The legal repercussion of this suo motu action could be serious not for the parties but for the judicial system and society at large. So, the intervention of the Chief Justice of Pakistan is necessary in the interests of justice.
The Chief Justice is requested to take up the matter suo motu and decide the matter in the light of the Supreme Court’s full bench judgement PLD 2002 SC 775, wherein it was held that appellate powers belong exclusively to the High Courts when an anti-terrorism court has sentenced someone under Section 10(4) of the Hudood Ordince.
The Pakistani nation cannot bear another judicial conflict. It has already suffered a lot after the 1997 crisis in the Supreme Court itself.
Children of a lesser God
Sir: The government has been utilising all available resources for the rehabilitation of the flood-affected people of Balochistan. So far it has provided Rs 23.7 million in aid to them. The Pakistan army, the frontier corps, and the civil administration are jointly engaged in these relief activities and the rehabilitation process in the affected areas.
The federal government is also paying special attention towards the rehabilitation of these people, while the affected people of Broghil area of Chitral are being dealt with like children of a lesser God. Nobody seems bothered about these poor people who are still living under nine feet of snow, suffering famine-like conditions prevailing in the area. They have nobody to ask for help, except God Almighty.
Why this injustice with the people of Broghil? And why is Balochistan being given so much attention? Are they above the law or is this the fear of Nawab Akbar Bugti? Please Mr President and Mr Prime Minister, do not ignore these poor people, as they are unable to raise a voice against the government’s injustice due to their illiteracy and the backwardness of the area. They really need and deserve your support.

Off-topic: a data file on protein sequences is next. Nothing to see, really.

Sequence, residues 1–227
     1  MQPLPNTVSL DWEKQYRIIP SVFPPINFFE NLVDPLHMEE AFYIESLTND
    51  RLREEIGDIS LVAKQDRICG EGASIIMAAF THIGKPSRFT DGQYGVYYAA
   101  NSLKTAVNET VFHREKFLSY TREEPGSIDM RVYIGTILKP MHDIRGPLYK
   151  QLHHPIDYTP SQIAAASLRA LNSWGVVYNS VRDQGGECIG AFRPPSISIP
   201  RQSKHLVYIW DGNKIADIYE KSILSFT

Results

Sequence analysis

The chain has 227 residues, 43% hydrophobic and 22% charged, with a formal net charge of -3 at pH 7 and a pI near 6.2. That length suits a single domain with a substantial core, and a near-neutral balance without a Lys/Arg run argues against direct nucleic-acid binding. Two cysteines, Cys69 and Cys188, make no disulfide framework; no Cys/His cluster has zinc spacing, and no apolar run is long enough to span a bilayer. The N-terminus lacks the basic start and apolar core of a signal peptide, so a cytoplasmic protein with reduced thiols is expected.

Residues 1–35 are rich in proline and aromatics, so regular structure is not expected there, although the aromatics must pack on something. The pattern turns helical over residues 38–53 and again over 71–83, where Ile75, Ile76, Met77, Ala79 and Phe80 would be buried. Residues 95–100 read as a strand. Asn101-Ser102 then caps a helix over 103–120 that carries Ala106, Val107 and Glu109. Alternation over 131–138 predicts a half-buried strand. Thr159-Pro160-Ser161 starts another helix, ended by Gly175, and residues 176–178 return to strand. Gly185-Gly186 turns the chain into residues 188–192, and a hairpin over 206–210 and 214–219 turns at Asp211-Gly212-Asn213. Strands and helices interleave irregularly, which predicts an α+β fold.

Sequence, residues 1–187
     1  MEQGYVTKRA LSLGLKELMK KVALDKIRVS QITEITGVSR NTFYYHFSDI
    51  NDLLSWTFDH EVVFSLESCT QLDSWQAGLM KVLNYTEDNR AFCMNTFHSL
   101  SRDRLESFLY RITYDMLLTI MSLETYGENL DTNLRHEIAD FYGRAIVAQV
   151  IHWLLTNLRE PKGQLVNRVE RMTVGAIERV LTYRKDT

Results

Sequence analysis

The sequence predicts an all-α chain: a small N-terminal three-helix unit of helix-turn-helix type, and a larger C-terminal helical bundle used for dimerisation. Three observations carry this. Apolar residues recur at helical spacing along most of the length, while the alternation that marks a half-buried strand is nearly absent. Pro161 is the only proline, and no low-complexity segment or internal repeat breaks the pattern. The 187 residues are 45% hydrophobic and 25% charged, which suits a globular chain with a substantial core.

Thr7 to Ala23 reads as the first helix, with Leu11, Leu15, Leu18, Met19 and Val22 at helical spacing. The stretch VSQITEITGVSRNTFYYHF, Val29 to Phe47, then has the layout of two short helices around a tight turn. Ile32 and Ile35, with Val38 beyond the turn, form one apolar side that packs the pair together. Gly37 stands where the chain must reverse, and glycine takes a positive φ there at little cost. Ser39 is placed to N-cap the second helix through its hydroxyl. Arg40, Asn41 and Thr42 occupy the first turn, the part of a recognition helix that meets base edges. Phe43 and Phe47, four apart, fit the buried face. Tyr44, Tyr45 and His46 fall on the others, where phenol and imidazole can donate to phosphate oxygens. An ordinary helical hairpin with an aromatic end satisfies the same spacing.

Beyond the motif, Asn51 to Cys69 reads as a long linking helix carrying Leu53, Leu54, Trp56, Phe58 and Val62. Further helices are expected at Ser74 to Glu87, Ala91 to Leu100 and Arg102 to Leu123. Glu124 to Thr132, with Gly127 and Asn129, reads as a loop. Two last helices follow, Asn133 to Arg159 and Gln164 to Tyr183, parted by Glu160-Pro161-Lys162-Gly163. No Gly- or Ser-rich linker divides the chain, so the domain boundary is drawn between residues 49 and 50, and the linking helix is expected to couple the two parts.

Sir: It is quite clear that when Emperor George Bush the Second mentions liberation, he actually means military occupation. Last year the Pentagon presented plans to Congress for five military bases in Afghanistan, the first of which is already under construction in Herat right near the Iranian border. May God protect the Muslims there.
These bases have become necessary for America, as the noble Muslims of Afghanistan do not consider Americans liberators but occupiers — just like their brave brethren in Iraq. And despite American military might backing him, America’s puppet Karzai faces such popular rejection that America had to delay parliamentary elections for a third time, and polls are now anticipated some time in September 2005.
Surely ending foreign occupation is a prerequisite for citizens choosing a ruler and a representative body of their own free will. France certainly did not busy itself electing a ruler when it faced German occupation in World War II, and I don’t see why Muslims should accept this either.
And if Bush is still confident that Muslims are happy with his occupations, as he so claims, then let him put that to a vote.
Sir: The seizure of a huge arms cache and the discovery of private jails and torture cells in Marri camp have unveiled the tyrannical face of some Baloch sardars and their warlord ways. It is enough proof for us to know who are supplying weapons to rip apart our national fabric, and damage our national security and solidarity.
These elements, supported by some local men, have been actively targeting vital installations, which are so dear to peace within the country, as well as the economic prosperity of Pakistan. Despite supporting the government’s policies to curb these elements, the opposition intends to join hands with these warlords, expressing “solidarity with them.” This is extremely deplorable and proves their negative thinking.
I request the opposition to shun cheap political gains, and help the authorities in curbing these warlords and torture-cell operators, in order to save Pakistan and the Baloch.